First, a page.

Stop-gap measures not enough to curb Israel's budget deficit
Raising taxes or cutting spending is unlikely during an interim government with limited powers; FM to propose some stop-gap measures, including capping tax breaks on luxury hybrid and plug-in cars, taxing fuel substitutes; budget deficit forecast for 2020: 3.8% of GDP, way above target of 2.5%
Israel's Finance Ministry proposed some temporary fixes on Thursday to curb the country's budget deficit, but said its hands are tied in taking stronger action that is needed until a permanent government is in place.
For months Israel has been facing calls from its own central bank and organizations like the International Monetary Fund to tether spending and raise taxes after it loosened fiscal policy for a few years.
It surprisingly met its deficit target of 2.9% of gross domestic product last year, leading many economists to question whether the government was only able to do so at the expense of 2019's figures.
The opportunity to significantly raise taxes or cut spending was lost after Prime Minister Benjamin Netanyahu failed to form a new coalition following an election in April, something that has never happened before. He now leads a caretaker government with limited powers and a second ballot is due in September.
"Since we have an interim government and parliament was dispersed our ability to narrow the gaps and return to the budget framework we had initially forecast is almost impossible," a senior Finance Ministry official said.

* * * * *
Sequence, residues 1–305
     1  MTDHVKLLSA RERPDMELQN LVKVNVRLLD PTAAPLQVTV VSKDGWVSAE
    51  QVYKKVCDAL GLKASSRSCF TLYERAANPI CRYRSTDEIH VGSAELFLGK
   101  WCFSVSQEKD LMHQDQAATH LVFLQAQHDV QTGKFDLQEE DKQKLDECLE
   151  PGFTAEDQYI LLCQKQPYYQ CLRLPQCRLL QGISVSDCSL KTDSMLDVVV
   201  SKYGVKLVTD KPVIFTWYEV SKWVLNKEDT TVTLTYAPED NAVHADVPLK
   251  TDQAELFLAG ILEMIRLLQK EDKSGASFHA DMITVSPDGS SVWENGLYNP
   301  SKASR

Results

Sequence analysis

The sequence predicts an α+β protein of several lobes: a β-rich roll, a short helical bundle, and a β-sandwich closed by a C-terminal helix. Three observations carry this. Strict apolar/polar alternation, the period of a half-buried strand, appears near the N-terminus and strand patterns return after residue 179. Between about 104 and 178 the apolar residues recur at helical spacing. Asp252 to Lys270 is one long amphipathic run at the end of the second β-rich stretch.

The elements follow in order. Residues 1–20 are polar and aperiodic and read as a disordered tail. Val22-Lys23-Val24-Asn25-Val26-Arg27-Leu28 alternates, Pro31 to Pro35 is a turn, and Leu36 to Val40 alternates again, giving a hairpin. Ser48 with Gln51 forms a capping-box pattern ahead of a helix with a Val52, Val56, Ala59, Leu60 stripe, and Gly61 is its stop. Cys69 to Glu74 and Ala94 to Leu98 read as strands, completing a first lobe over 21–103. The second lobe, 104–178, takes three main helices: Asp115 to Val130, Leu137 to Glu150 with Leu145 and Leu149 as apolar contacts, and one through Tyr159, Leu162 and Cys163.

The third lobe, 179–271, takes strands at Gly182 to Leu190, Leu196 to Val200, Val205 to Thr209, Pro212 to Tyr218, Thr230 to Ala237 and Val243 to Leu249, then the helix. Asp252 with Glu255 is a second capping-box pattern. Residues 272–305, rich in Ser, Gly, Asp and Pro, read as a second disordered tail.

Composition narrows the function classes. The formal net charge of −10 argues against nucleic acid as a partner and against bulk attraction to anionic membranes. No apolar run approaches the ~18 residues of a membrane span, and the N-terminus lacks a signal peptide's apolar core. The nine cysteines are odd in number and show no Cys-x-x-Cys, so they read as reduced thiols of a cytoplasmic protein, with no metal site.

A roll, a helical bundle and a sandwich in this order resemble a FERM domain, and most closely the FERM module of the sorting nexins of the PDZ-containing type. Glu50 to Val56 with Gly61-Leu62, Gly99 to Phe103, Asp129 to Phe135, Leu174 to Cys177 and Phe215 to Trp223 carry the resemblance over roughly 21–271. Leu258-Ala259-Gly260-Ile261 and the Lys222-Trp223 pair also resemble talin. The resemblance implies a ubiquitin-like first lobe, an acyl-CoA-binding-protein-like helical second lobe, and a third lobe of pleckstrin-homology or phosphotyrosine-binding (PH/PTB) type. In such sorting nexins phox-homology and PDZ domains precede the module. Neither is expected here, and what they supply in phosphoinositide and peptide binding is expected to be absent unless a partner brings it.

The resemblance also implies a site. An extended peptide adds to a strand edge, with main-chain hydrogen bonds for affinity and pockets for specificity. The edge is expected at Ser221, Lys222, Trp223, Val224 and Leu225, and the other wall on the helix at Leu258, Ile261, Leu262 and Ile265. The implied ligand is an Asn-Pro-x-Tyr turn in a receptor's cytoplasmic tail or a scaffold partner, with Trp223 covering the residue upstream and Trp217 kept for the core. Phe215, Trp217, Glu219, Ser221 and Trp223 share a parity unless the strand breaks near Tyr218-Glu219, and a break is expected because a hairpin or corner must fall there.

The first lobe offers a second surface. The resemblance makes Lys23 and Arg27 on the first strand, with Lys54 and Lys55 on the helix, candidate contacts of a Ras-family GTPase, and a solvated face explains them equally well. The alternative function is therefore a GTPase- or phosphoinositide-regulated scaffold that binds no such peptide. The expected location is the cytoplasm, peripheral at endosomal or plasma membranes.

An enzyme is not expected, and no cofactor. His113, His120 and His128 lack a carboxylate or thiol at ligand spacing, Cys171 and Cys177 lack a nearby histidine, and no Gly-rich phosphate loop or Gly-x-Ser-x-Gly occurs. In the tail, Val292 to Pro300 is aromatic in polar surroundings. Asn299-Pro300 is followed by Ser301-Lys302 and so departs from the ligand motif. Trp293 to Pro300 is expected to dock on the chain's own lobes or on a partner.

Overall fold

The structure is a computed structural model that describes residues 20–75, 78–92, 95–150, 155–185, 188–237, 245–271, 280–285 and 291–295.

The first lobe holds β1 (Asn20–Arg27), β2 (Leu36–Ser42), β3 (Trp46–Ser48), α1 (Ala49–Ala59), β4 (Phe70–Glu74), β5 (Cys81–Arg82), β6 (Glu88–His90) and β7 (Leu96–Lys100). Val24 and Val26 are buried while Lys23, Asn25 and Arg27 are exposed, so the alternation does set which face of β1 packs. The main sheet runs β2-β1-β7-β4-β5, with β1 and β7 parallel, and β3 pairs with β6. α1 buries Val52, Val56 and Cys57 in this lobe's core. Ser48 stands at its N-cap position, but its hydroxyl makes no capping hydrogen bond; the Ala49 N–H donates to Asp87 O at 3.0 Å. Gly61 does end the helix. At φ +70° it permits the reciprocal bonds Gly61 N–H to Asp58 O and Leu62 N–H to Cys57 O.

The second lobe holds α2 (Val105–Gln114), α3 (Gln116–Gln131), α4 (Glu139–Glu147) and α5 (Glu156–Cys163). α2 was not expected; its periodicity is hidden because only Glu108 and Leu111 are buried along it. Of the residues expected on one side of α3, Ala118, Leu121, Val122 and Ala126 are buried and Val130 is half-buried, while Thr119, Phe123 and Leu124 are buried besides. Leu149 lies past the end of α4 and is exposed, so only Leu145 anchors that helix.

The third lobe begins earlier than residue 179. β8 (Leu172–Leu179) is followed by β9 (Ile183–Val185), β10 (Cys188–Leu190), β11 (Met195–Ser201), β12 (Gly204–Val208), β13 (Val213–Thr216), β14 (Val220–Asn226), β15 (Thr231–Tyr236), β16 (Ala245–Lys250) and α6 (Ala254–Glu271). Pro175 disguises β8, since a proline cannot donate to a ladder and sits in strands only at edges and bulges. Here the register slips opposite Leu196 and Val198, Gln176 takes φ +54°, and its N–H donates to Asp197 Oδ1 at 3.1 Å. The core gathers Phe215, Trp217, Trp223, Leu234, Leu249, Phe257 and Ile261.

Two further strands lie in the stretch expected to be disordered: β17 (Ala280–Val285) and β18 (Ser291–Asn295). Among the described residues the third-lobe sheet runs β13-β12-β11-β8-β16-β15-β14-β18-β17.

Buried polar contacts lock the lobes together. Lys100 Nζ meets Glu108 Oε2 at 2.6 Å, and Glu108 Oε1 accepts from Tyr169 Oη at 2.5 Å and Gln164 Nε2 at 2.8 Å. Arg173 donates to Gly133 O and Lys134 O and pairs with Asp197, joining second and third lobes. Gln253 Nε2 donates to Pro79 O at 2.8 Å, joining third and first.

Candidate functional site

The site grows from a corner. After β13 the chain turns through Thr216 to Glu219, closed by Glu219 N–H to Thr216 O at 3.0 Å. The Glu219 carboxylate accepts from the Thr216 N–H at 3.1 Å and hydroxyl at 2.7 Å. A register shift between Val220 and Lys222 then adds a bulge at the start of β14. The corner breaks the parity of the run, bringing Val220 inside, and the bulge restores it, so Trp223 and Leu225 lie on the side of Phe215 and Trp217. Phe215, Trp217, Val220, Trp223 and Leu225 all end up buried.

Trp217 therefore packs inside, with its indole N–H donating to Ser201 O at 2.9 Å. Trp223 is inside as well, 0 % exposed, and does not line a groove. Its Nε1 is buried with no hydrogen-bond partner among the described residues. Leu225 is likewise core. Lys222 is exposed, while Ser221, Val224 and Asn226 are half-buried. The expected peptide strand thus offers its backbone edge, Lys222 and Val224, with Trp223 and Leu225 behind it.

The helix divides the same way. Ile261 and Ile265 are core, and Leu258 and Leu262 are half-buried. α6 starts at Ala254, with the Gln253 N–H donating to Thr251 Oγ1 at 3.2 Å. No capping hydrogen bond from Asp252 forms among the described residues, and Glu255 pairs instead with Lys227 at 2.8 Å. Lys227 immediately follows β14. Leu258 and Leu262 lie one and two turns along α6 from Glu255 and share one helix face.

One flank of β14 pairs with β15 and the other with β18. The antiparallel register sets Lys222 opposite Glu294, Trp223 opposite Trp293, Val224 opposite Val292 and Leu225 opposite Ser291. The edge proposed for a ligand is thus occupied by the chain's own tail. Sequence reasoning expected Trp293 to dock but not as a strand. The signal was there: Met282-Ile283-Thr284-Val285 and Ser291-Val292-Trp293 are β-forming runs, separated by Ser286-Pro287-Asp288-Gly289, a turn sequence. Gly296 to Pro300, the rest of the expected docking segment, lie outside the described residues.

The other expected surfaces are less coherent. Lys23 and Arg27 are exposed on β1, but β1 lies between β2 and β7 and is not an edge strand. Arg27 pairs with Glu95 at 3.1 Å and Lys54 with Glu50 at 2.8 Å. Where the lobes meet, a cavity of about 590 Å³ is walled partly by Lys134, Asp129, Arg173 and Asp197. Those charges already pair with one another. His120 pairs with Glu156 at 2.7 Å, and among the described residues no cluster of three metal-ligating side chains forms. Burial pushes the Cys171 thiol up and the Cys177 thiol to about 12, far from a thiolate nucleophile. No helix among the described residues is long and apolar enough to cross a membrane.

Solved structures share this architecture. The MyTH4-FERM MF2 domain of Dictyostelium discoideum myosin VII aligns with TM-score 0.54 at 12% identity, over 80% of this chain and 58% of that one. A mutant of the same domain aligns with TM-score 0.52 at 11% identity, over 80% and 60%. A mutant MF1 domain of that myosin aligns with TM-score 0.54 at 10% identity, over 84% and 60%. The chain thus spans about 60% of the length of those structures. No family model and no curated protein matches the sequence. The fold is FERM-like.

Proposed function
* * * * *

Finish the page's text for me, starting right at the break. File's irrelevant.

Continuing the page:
The ministry said it will propose to the cabinet next week some stop-gap measures, including capping tax breaks on luxury hybrid and plug-in cars and taxing certain fuel substitutes, to at least partly rein in the deficit.
Even so, it now forecasts a budget deficit of 3.8% of gross domestic product in 2020 and in 2021, up from a previous estimate of 3.7% for both years. Both are way above a budget target of 2.5% in 2020 and 2.25% in 2021 mandated by law.
The ministry did not revise its deficit target of 3.6% of GDP for 2019.
Based on current commitments, expenditures next year are expected to reach 421 billion shekels, 9 billion above a legal ceiling.
Without the proposed steps, which are expected to narrow the deficit by 3.25 billion shekels ($905 million) in 2020, the deficit would reach 4% of GDP in each of the coming two years.
The Finance Ministry also gave a growth forecast of 3.1% for 2019 and 3.2% for 2020, similar to the OECD's estimate. The Bank of Israel and IMF estimate growth of 3.2% this year.